COVID-19, Seignorage, Quantitative Easing and the Fiscal-Monetary Nexus

Alex Cukierman*

*Corresponding author for this work

Research output: Contribution to journalArticlepeer-review

5 Scopus citations


The huge fiscal expansions triggered by the corona crisis raised debt/GDP ratios to very high levels. This led some economists to reconsider the taboo on seignorage. Following a brief documentation of the crisis impact and aggregate demand policies responses the paper discusses views of academics and policymakers on seignorage. Optimal taxation considerations imply that the decision on allocating deficit financing between debt and seignorage falls within the realm of fiscal authorities—a fact that infringes on central bank (CB) autonomy. The paper explores ideas aimed at improving the tradeoff between those two principles. Implication of cross-country variations in the need to use seignorage is discussed. Comparison of the indirect contribution of quantitative easing (QE) to deficit financing with the direct contribution of seignorage implies that QE is a substitute to seignorage that preserves central bank dominance without much change in existing monetary institutions. Comparison of empirical evidence from the USA during the global financial crisis with the post-WWI German inflation supports the view that for countries experiencing deflationary pressure seignorage is more potent in moving inflation toward its target than QE. Given the current outlook temporary use of seignorage does not appear to involve a substantial risk of inflation.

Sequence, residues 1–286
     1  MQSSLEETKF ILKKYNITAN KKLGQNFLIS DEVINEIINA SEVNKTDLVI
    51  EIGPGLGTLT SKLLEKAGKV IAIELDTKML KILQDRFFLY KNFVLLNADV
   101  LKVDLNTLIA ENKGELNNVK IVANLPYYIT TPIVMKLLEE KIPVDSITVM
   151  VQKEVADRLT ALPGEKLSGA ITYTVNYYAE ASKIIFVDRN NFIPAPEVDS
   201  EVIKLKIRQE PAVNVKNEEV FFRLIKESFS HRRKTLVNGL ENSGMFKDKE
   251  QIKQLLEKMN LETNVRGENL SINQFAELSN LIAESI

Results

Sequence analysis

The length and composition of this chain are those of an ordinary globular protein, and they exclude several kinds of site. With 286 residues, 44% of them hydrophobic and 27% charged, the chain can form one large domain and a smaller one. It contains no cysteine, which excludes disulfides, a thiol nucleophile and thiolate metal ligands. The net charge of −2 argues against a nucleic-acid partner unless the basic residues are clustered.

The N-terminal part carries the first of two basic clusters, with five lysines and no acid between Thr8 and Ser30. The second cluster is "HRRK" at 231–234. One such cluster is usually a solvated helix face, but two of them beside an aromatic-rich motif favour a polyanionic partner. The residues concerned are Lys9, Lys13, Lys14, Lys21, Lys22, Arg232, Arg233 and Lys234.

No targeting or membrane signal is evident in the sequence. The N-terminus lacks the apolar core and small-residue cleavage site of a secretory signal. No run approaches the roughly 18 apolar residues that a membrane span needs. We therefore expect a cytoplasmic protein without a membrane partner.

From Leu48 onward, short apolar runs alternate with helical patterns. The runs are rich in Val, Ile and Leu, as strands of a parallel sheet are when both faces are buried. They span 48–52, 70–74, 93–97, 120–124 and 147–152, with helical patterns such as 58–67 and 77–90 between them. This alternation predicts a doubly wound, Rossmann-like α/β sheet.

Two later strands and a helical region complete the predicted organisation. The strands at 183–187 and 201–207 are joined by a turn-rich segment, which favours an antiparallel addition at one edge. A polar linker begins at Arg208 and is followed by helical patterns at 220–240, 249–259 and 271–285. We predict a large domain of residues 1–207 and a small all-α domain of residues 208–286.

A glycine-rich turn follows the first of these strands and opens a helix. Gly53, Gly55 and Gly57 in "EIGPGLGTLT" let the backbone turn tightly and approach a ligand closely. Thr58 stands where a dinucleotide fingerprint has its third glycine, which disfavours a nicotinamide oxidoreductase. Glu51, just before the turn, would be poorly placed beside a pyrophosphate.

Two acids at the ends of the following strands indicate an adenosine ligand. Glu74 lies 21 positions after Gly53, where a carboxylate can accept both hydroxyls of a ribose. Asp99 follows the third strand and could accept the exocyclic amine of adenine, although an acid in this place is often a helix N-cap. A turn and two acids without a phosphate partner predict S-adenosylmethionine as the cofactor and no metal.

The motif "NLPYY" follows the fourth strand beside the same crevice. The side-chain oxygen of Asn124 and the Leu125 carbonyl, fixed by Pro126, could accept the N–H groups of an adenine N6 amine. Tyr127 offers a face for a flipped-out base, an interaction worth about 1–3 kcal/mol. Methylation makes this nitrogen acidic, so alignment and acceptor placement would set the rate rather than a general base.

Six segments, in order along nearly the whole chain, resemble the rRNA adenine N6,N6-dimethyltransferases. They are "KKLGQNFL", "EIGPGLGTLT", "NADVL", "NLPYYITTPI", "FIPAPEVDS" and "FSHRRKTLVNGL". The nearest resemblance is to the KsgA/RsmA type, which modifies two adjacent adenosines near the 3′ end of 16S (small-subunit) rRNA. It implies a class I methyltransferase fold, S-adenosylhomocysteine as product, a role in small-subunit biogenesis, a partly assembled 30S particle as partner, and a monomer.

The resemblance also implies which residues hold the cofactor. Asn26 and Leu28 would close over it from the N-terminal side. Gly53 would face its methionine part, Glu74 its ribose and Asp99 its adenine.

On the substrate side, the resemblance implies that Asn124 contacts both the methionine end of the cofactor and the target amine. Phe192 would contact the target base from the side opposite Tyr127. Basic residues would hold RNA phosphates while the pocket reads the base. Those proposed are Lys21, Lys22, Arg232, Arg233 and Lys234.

Original languageEnglish
Pages (from-to)181–199
Number of pages19
JournalComparative Economic Studies
Issue number2
StatePublished - 2021


  • COVID-19
  • Central bank independence
  • Deficits
  • Fiscal institutions
  • Government debt
  • Inflation and deflation
  • Optimal taxation
  • Quantitative easing
  • Seignorage


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